Following the Footsteps of Passion

Being passionate about something implies a strong emotional attachment to or enthusiasm for something. Passionate people often seem as if they have a fire burning within them when they talk about what they feel passionate about. It is their passion that, more often than not, fuels the choices they make and which acts as a compass to align them with their goals, ambitions and desires.

The concept of passion can be linked to that of tapas in yoga. Tapas is often described as austerity or discipline. When I think of these two concepts the words flooding my mind are: an unbending attitude; sternness; severity; rigidity. Often this is exactly how people engage with it, but tapas, when seen from another angle, has more to do with a dedicated, sincere, enthusiastic and life-enhancing attitude that creates a healthy disciplined commitment, than one that is too rigid and limiting. When we become too rigid in our approach to life we catapult ourselves into a life of imbalance and intolerance.

Patanjali, in his 8 limb yoga system, classifies tapas under the niyamas or observances that we should follow to guide us towards and perhaps through a spiritual transformation process. When we misuse tapas or discipline we are sure to become over-worked and stressed. The drive to succeed or achieve in the fast-paced culture we live in, is often a smoke screen for a deeper pain we are reluctant to face, or in many instances don’t even know exist. And so we start a vicious circle that drives us to burn-out.

Judith Lasater says that “a better way to understand tapas is to think of it as consistency in striving towards your goals”. This consistency may be found in maintaining a regular yoga practice, without beating yourself up when you miss a class or two; by reading uplifting and inspirational books; by having a positive attitude towards life or simply by surrounding yourself with kind-hearted people. The daily practising of tapas is unique to all of us, as we simply do not all need the same things. What is aiding my spiritual quest may be a severe hindrance to yours. Through defining and refining our goals, and by measuring them to our values and spiritual yearnings, we are able to use tapas as the light guiding us towards the achievement of our goals.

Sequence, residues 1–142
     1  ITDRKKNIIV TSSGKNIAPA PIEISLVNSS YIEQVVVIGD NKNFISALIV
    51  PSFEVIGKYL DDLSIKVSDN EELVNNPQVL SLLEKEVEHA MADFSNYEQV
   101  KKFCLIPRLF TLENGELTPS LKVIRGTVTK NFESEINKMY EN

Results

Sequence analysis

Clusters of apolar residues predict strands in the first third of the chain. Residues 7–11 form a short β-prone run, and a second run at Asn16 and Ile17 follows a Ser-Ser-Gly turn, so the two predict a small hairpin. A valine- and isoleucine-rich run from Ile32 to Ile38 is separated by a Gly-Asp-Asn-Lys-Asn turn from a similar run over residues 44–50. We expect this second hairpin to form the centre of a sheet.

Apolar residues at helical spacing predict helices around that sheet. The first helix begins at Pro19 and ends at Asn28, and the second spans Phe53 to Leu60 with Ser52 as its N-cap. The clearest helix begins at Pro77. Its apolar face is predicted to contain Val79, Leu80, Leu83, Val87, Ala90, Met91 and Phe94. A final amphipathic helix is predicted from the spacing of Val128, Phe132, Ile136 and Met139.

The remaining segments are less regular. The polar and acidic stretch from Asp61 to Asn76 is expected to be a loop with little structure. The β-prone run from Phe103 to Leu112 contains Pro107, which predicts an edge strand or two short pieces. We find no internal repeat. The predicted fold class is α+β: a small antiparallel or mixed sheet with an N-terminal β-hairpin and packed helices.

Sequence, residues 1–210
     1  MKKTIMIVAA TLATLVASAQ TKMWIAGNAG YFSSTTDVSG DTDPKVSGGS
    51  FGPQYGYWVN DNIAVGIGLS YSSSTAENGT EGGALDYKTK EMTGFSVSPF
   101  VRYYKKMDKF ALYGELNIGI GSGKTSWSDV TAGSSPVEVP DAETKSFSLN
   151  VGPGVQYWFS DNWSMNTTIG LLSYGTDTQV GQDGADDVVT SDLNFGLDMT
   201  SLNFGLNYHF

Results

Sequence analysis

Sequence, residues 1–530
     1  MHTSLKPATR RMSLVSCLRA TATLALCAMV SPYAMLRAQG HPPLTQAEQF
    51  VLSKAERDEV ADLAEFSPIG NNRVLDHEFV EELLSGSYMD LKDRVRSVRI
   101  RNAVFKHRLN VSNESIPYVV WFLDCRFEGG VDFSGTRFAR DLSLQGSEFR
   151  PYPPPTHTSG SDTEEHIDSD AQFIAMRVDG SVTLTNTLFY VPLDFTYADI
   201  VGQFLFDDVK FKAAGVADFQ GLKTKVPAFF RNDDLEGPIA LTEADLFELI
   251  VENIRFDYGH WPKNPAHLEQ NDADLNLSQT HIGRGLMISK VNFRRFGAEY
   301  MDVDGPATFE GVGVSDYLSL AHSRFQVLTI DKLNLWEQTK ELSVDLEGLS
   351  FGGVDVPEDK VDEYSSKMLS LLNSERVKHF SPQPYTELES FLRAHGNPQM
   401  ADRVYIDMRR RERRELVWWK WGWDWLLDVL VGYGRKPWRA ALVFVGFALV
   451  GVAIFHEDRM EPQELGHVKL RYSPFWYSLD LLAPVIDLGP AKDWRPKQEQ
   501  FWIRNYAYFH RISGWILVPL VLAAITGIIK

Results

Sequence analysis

Robert Butera calls discipline a “process of abstaining from those activities that negatively affect you and engaging in those that enrich you”. And by engaging in those activities that enrich us, we may even encounter what may be perceived as laziness or alasya: taking long slow walks – not to get exercise, but simply to enjoy the movement of the moment; sitting in the garden or on a park bench without any planned agenda or glimpse at your watch – breathing in life; or simply sitting on your mat – waiting for your body to move where it wants, without any input from your mind. To this I say, “bring on the laziness”, as it is in these moments that I feel content and free from obligation.

It is when I am on my mat without a plan or a goal that I feel most alive. And as my body slowly starts to move, I become aware of the delicate interplay between effort and release; between giving and letting go. It is in that transformative moment of surrender that I fully accept my life: no longer am I fighting the limitations of my body to achieve the ‘perfect’ postures I have seen in books; no longer am I pushing through discomfort or pain – I am simply allowing my body to be where it is; accepting it; loving it; expecting nothing, yet receiving in abundance. It is in the moment of surrender that I understand what it means to “just be”: I simply am.

Tapas can be the quiet surrender to the beauty of any particular moment, or the fiery desire that motivates us to create change. Whatever it is for you, discover it, embrace it and follow it!

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1 Comment

  1. November 18, 2011 at 2:31 pm

    Wonderful, thanks for sharing this! It’s sad to see that in today’s fitness obsessed yoga world our practice can at times be characterised by self hatred instead of compassion. Perseverance and discipline are crucial, but then – it’s not a sport, it’s not a competition. It’s a journey to ourselves.


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